Finding True Courage and Freedom in the Spirit of Chanukah

On December 12, we will gather with family and friends to celebrate the beginning of the Festival of Lights. This year, as you fry your latkes and light the first candles, consider taking a closer look at the typical symbols of Chanukah. You may discover that one underlying theme of the holiday is ometz lev, or courage, and how we partner with God in making “miracles” happen. The core texts of Jewish tradition remind us how the Hasmonean family stood up to the wave of Hellenization sweeping over the Syrian Greek empire around the first century BCE. Could the heroics of the Maccabees be a model for us today—but NOT in the context of social conflict and war?

In November, we were fortunate to learn from Rabbi Paul Steinberg who led a session at Federation’s ROUTES: A Day of Jewish Learning, entitled “Addiction and Jewish Spirituality.” Rabbi Steinberg explored addiction from a Jewish perspective and pointed to Jewish spiritual practice as a path toward integrative recovery. Rabbi Steinberg’s expertise did not come just because he is a rabbi, but because he is actually a brave Maccabee who had to find the courage to fight his own addiction.

In his book “Recovery, the 12 Steps and Jewish Spirituality: Reclaiming Hope, Courage and Wholeness,” Rabbi Steinberg opens with:

Hello, my name is Paul and I’m an alcoholic. This is the hardest sentence I have ever said aloud. It took me years to say it and actually mean what I said…. I also found that my Jewish identity provided an additional challenge to identifying as an alcoholic… Whether it was Jewish guilt, or the unspoken rule that Jews do not hang out our dirty laundry, or that being an alcoholic doesn’t happen to “nice Jewish boys” (and rabbis), I spent a long time denying the truth about my disease.”

When we consider our people’s foundations in bravery, it is ironic that we have such difficulty finding the courage to break down stereotypes and create support for individuals in recovery.: Our ancestor Abraham argues with God about just behavior, our prophets spoke truth to power, our ideals of “just saying NO” for freedom powered the Maccabees and our New Year starts by standing as a community to confess our shortcomings!

We know that a tool for healthy living and sustainable recovery is the art of reflection and asking ourselves tough questions. So, as we plan our Chanukah celebrations, perhaps a new tradition can be to use one night’s candle lighting to “shine light and reveal truth” about human nature and the world of addictive behaviors, and our communal responsibility to support and care for people in recovery and their families.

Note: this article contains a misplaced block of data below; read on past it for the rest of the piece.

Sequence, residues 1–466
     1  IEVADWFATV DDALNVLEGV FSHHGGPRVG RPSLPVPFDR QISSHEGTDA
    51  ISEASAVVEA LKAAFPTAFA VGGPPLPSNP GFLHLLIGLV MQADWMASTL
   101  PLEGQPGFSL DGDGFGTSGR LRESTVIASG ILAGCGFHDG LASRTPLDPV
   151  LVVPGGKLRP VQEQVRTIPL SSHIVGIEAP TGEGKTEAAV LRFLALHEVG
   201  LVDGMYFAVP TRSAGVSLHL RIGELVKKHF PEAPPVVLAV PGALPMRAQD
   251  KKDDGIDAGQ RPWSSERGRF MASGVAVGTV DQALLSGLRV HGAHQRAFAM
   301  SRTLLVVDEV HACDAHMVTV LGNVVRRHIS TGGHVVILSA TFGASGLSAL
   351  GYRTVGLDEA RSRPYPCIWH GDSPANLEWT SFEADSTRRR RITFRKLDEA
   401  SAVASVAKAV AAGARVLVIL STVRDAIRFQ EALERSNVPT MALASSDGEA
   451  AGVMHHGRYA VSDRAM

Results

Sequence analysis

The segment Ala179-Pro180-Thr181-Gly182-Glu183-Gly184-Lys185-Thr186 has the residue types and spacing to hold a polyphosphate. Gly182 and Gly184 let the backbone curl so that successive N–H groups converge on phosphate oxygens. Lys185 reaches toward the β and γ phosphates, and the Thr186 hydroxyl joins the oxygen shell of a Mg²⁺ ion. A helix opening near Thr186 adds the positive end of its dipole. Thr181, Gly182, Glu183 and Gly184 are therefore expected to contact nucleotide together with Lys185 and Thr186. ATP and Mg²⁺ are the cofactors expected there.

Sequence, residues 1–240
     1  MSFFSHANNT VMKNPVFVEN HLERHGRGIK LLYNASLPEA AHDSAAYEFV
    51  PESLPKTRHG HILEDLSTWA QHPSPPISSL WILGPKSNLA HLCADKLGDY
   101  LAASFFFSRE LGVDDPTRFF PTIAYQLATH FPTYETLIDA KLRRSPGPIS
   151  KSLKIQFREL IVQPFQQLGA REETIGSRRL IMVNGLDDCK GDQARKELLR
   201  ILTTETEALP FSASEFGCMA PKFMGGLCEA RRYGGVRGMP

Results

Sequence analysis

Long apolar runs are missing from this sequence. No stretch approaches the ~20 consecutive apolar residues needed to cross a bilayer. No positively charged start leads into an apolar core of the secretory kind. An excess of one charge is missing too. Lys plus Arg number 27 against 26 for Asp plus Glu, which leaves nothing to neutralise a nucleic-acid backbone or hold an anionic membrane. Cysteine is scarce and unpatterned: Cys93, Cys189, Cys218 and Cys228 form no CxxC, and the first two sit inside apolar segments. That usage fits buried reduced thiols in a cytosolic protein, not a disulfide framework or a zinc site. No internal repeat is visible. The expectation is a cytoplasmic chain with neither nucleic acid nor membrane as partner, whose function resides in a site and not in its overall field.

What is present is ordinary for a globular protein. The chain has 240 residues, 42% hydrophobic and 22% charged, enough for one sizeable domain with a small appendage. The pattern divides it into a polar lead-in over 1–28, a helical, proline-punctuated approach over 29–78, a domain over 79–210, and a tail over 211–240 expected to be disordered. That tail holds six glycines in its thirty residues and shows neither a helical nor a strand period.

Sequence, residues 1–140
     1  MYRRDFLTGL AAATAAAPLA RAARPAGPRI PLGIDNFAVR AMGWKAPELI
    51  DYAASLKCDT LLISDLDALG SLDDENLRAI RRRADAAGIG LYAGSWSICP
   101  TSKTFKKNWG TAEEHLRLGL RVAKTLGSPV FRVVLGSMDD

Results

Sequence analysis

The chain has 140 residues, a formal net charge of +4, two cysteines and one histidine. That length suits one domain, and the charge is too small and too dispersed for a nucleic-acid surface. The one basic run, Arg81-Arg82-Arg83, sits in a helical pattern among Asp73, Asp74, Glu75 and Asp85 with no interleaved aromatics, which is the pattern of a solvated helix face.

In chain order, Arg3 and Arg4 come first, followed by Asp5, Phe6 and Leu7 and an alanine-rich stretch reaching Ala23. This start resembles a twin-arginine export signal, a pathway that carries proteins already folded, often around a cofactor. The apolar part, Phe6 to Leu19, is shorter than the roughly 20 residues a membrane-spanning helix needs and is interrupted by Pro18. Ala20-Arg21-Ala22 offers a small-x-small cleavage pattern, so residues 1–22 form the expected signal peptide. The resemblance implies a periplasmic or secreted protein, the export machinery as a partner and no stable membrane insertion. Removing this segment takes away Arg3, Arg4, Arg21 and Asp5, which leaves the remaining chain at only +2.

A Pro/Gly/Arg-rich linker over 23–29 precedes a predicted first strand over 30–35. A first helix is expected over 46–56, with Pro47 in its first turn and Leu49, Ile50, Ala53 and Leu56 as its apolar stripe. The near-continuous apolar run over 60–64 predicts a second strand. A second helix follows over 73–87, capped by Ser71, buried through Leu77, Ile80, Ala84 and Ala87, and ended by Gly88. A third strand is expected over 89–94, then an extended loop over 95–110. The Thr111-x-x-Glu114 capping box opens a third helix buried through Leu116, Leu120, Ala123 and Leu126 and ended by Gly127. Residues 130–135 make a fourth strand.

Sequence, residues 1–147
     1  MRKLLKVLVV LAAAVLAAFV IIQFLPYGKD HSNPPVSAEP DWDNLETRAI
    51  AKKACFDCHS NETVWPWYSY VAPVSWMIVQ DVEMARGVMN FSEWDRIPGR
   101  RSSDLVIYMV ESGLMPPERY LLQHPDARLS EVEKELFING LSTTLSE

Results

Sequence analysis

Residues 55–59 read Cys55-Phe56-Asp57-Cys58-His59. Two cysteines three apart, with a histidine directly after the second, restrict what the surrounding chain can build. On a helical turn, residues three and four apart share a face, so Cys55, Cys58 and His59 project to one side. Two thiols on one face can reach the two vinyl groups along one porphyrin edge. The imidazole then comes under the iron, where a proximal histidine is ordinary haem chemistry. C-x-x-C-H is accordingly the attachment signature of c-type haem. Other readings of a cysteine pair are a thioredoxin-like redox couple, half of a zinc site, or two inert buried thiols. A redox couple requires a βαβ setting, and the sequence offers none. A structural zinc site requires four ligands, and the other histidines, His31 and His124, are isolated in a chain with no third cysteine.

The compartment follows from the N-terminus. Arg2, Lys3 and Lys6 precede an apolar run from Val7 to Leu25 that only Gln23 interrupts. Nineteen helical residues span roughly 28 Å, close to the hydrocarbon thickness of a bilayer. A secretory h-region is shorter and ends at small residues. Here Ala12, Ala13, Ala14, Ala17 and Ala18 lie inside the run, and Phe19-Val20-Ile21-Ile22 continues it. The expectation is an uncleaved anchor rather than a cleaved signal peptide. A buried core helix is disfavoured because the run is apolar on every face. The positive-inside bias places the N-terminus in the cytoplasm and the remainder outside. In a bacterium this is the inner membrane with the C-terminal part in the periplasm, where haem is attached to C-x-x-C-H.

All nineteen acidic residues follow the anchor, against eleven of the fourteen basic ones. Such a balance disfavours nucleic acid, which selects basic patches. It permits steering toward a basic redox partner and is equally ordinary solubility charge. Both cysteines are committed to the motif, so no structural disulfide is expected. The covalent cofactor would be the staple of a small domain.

Here are a few suggested discussion questions:

  • Some say that addiction is a disease, and others believe it’s a choice. What do you think, and why? How do you believe counseling, support groups or other treatments could help a person who struggles with addiction?
  • Many people use drugs as a crutch to help them handle difficult emotions such as anger, depression and anxiety. These emotions are challenging for everyone, and it can be hard to resist the temptation of an easy escape. What choices does a person have, other than drug use, when they are confronted with these painful emotions?
  • How can we help lower the barriers for those seeking help with addictions and recovery? What role can we play in getting rid of stigma and guilt? How can we nurture courage in ourselves, family and friends to speak out for others?
  • What Jewish spiritual tools (like a rest ethic [Shabbat], and eating ethic [kashrut], understanding our creation in the “image of God,” the role of repentance and reflection [teshuva], etc.) could we use to reflect on our individual and collective responsibility to create a safe, supportive and inclusive community for people in recovery and their families?

You can also add a discussion about the importance of courage in other settings—from the school classroom and play yard, to the office and in board meetings, from political rallies to the ballot box. To add to your knowledge on the challenges of addiction and recovery, visit Federation’s Addiction Resources page on Jconnect.

This Chanukah, you can be the candle that courageously lights itself with truth, or you can be the shamash, the helper candle, that supports the flame of others by lending your courage to their cause.

Wishing you and yours a joyous and meaningful Chanukah celebration, from all of us at